Art In Ponteland, Northumberland
A sculpture park and art exhibition space set within the grounds of Cheeseburn Grange, near Ponteland.
Cheeseburn Grange has a rich and diverse history. It was originally the Grange, or farm, of the Augustinian Priory in Hexham. It had been granted to the Priory by John de Normanville in 1297. At the dissolution of the monasteries in 1536, Cheeseburn Grange came into the possession of the Crown and was leased to Gawen Swinburne. It passed to his widow, Margaret Lawson and then to her daughter who married Lewis Widdrington. Their son Thomas inherited the freehold in 1631. Upon his death in 1664 his brother Henry inherited. It remained in the Widdrington family until 1752, when Ralph Widdrington died without issue and Cheeseburn was passed to the Riddell family, who still live there today with their children.
Extensive remodelling was planned by Ralph Riddell Esq who commissioned John Dobson (the famous architect responsible for the magnificent Newcastle Central Station) in 1820 to extend and remodel the hall. Not all his plans were carried out but the main entrance was moved to the west, the tower over the front door was created, the parapets were built and the present chapel constructed. The altar was built by Joseph Hansom in 1860. Above the altar the oil painting “The Descent of Our Saviour from the Cross” was painted in 1824 by the Flemish artist J.S. Verillin. It a copy of the centre panel of Rubens triptych which is in Antwerp Cathedral. Dobson preserved the beautiful 18th century pillared stone doorway which he positioned in the garden and can still be seen today. In 1860 Hansom added a Gothic East Wing, demolished in 1973.
During the Second World War the house was occupied by St. Vincent's Orphanage. Simon and Joanna Riddell have lived at Cheeseburn since 1992, inheriting the house from Simon's bachelor uncle, Philip Riddell.
In 1992, the owners set about restoring the house and gardens, which had fallen into disrepair. Set in eleven acres of gardens surrounded by parks of grazing sheep, the garden was essentially a “gentleman's” garden, a formal layout with a great deal of holly and yew trees. The house was exposed with sweeping lawns around it, and there were no obvious boundaries to the east of the house. Much of the garden was left and cut for hay right up to the house walls. An old orchard occupied much of the east side, and there were no flower borders. A number of years' work saw the creation of garden spaces, parterres, herbaceous borders and a walled garden.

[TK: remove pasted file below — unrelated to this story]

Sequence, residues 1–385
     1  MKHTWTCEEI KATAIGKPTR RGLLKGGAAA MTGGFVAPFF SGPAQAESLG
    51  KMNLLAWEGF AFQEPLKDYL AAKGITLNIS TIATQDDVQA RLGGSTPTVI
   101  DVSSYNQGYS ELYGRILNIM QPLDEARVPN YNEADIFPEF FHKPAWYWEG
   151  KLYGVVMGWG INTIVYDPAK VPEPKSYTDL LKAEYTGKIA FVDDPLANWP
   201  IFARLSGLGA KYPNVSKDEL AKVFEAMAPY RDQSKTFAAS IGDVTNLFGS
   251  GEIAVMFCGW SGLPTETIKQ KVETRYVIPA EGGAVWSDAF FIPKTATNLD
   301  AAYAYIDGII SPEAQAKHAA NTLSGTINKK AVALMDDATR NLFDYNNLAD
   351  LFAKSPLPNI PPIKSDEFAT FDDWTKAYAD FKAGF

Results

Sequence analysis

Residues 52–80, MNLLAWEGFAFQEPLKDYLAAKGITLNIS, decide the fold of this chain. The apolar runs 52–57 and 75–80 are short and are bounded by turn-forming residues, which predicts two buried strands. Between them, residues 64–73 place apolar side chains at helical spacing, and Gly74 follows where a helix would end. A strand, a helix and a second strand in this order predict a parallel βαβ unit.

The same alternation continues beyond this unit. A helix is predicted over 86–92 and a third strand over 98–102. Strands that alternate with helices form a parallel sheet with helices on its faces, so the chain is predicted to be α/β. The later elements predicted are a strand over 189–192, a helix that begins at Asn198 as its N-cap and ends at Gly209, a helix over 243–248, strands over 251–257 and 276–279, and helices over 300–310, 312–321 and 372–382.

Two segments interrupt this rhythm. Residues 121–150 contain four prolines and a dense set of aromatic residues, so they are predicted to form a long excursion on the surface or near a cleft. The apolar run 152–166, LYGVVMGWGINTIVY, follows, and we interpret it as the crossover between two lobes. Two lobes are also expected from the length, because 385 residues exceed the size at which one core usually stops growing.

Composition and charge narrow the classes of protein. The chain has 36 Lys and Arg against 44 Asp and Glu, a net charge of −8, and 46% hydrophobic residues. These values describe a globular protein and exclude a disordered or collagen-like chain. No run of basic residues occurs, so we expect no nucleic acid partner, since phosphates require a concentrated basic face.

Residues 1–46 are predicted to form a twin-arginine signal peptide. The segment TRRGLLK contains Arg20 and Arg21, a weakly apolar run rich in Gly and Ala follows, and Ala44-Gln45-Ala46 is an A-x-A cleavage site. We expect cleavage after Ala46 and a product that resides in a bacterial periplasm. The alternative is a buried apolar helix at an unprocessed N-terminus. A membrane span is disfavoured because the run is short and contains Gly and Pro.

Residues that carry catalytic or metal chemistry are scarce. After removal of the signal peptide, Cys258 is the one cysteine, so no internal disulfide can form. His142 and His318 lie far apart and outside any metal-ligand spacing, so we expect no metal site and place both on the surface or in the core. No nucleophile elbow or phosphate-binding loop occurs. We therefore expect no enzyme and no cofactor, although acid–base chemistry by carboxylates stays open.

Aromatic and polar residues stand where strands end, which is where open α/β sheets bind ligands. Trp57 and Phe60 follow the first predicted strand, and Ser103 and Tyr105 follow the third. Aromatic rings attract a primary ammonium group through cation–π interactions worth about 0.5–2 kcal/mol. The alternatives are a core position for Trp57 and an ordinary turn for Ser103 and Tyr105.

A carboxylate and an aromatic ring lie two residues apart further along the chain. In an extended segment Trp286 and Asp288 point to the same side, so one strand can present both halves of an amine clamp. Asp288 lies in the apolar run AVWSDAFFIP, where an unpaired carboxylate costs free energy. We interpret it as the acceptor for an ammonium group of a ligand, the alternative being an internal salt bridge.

Since 2014, Cheeseburn Grange has become a “showcase for sculpture, design and art, where the public can encounter new and established work in the setting of the historic house and gardens”. The exhibitions are driven by Joanna Riddell and curated by Matthew Jarratt and are only open to the public on selected weekends during the summer so you need to book up in advance in order to secure your ticket. Sadly Cheeseburn is taking a break for 2022 but will hopefully be back, bigger and even better in 2023, believe me, it is worth the wait!
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Parking is on site and there are signs and volunteers available to direct you to the main entrance to the exhibitions.
Place contributed by Andrew Gardner
I love being outdoors, in nature, and experiencing the relaxation it brings. Wandering through the northern countryside seeing unexpected buildings, historic places and occasionally surprised wildlife is one of life's great pleasures.
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